Pranab’s ‘The Dramatic Decade – The Indira Gandhi Years’: Revealing but not explosive

Updated: Dec 21, 2014, 23:22 PM IST

The President, Pranab Mukherjee, has just inaugurated the first book in the intended trilogy of his political career on his 79th birthday. ‘The Dramatic Decade – The Indira Gandhi Years’ is a page turner published by Rupa and predictably throws some light on the controversial Emergency years.

As per his account, the President would like us to believe that Indira Gandhi was naive about the provisions of the Constitution and did not know that Emergency could be imposed.

"Indira Gandhi told me subsequently that she was not even aware of the Constitutional provisions allowing for the declaration of a state of Emergency on grounds of internal disturbance particularly since a state of Emergency had already been proclaimed as a consequence of Indo-Pak conflict in 1971."

While he writes about the well known bit about "suspension of fundamental rights ... large scale arrests of political leaders ... press censorship”, he surprisingly adds that Emergency had an upside; probably to balance out the account and not lambast the Gandhi a la Natwar Singh style.

He writes: “While there is no doubt that it brought with it some major positive changes – discipline in public life, a growing economy, controlled inflation, a reversed trade deficit for the first time, enhanced developmental expenditures and a crackdown on tax evasion and smuggling – it was perhaps an avoidable event.”

Despite enlisting some of these positive aspects, Pranab not just concludes that Emergency was preventable, but that “the Congress and Indira Gandhi had to pay a heavy price for this misadventure."

Interestingly, Mukherjee has also squarely blamed the then West Bengal Chief Minister for being an architect of the whole affair but later taking a U-turn on the matter and turning on Indira Gandhi instead.

“It is believed that Siddhartha Shankar Ray played an important role in the decision to declare the Emergency: it was his suggestion, and Indira Gandhi acted on it... . And, again not surprisingly, these very people took a sharp about-turn when the Shah Commission was set up to look into the Emergency ‘excesses’. Not only did they disown their involvement, they pinned all the blame on Indira Gandhi, pleading their own innocence. Siddhartha babu was no exception.”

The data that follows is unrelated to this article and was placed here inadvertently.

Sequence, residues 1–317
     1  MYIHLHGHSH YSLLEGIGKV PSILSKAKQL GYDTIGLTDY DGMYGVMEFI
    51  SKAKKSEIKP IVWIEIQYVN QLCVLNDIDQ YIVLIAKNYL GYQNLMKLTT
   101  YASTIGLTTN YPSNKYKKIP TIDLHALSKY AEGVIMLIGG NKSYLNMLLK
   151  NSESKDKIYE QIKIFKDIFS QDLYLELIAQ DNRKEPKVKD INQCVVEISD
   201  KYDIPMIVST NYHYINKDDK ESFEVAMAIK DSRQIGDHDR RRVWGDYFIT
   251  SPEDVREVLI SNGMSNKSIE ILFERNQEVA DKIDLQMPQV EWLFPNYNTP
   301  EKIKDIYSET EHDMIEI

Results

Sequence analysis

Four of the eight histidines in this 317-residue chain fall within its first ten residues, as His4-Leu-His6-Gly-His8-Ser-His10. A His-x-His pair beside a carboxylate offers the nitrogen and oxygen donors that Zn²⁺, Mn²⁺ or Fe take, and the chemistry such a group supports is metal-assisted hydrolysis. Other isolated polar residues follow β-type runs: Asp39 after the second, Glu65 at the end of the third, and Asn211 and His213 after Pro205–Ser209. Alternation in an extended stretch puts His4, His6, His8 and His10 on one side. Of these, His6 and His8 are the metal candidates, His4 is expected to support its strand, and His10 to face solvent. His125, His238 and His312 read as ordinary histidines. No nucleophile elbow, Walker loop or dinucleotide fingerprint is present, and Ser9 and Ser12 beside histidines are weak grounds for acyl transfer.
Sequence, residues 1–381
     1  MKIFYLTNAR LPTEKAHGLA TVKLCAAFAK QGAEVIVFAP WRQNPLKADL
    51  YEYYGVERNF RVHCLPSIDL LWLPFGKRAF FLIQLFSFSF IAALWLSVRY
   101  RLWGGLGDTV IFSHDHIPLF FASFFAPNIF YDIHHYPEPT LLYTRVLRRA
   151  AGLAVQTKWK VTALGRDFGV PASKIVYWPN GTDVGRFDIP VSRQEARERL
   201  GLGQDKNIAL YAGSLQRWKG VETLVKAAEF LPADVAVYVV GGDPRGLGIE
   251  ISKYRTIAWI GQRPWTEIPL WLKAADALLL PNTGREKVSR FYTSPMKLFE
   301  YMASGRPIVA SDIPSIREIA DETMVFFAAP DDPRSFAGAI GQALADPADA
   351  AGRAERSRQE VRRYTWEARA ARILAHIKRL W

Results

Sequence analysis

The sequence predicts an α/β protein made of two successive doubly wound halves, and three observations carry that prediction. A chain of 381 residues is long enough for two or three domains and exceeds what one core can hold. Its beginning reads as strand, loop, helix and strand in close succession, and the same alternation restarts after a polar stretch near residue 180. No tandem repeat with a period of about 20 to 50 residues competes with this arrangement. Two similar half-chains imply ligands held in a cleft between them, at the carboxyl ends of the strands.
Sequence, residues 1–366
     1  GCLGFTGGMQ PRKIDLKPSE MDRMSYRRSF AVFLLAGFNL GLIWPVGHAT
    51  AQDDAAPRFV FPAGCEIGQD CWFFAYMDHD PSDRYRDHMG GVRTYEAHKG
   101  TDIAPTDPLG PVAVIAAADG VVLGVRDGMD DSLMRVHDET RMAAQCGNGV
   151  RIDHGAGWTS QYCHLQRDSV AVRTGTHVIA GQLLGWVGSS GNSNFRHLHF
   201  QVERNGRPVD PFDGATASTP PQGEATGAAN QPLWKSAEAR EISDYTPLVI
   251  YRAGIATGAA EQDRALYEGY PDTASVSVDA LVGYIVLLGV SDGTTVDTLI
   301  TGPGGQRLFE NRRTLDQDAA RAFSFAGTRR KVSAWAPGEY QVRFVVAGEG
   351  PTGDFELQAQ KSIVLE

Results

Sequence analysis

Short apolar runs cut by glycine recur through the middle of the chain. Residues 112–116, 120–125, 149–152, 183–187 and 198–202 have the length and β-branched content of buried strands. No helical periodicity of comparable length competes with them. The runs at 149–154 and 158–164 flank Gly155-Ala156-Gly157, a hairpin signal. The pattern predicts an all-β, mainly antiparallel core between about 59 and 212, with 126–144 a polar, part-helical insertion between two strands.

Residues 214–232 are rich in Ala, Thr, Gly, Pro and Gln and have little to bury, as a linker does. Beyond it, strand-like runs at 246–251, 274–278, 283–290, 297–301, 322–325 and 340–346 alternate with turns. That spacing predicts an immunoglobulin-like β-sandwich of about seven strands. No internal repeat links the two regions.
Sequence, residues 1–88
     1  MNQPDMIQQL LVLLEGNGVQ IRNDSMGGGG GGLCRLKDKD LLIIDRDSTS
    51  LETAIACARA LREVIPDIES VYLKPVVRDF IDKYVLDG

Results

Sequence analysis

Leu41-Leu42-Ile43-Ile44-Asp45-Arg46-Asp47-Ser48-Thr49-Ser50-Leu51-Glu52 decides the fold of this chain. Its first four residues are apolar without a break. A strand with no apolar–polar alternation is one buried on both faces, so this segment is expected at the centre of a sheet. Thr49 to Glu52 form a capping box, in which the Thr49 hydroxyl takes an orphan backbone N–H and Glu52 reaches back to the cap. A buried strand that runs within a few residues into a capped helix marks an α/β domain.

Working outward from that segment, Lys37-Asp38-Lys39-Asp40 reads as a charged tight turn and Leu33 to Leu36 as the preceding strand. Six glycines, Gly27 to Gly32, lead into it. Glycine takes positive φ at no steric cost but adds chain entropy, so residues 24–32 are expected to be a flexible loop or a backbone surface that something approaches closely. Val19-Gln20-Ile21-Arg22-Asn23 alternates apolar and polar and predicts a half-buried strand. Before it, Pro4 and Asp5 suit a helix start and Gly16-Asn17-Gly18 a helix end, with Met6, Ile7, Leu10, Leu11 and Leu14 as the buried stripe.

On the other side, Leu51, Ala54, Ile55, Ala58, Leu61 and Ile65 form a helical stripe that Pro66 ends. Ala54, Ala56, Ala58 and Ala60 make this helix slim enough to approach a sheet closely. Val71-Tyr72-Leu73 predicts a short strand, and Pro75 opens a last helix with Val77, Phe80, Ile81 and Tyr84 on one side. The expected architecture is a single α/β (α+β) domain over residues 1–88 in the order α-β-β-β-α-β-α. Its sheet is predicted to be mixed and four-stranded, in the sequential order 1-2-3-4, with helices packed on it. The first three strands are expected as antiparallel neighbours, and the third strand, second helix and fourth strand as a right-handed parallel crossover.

Where Pranab Mukherjee comes out as a fair and square political commentator is in his observations of Jayaprakash Narayan. Though JP was an adversary throughout, the former Congressman bestows on him adequate praise.

“I did not know JP. I met him only once in 1974 at the Gandhi Peace Foundation along with C.M. Stephen... We talked about the Naxalite movement, and I was impressed by his personality and his genuine approach to this emotional and sensitive issue. I found him to be far above petty political games; he truly wanted to restore moral values in Indian politics.”

He continues: “Without JP, this movement would not have been so powerful; it would not have attained the dimension it did without JP.”

On his unwavering support to Indira Gandhi, Mukherjee credits his father for instilling in him strong moral values.

“Many years later, in 1978 when the Congress split under Indira Gandhi, he told me: ‘I hope you will not do anything that will make me ashamed of you. It is when you stand by a person in his or her hour of crisis that you reveal your own humanity....’ His meaning was clear, and I didn’t then or later, waver from my loyalty to Indira Gandhi.”

Pranab also recalls days of hardship when his father was in jail for long periods because of participating in agitations launched by Congress before Independence. He recounts how he told the police personnel who had come to confiscate their possessions that they could not hand over their 8 cows as they had eaten them!

“I, all of eight years then, said, ‘Actually, Father has been in jail for a long time. So, we sold the cows for some money to feed ourselves’.”

Actually, the Mukherjee family had been forewarned of the police party and had shifted their cattle and possessions to other families in the neighbourhood.

There are also some other softer and enjoyable anecdotes in the book. For example, Pranab reminiscences with fondness his childhood years and his free spirit.

“It could be said that between 1940 and 1945 I did not go to school, preferring instead a life of playing games, climbing trees or running along with grazing herds of cows.”

In 1946 however, when he was enrolled at the Kirinahar Shib Chandra High English School in Class V, which was 2.5 kms from his house, Pranab completed the journey to and fro barefoot through uneven terrain and ditches.

“During the rains, the entire area was several feet deep in water, I would take off my shirt and shorts and wade through the water wearing a gamccha (towel), changing back into my presentable, school-worthy attire once I reached higher ground.”

The President got the road paved only in 1971 when he became a minister.

The book also talks about the creation of Bangladesh, Indira Gandhi’s return to power, and the new challenges that the Congress faced.

While ‘The Dramatic Decade’ covers the period between 1969 and 1980, the President intends to deal with the period between 1980 and 1998 in Volume II, and the period between 1998 and 2012, which marked the end of his active political career, in Volume III. 

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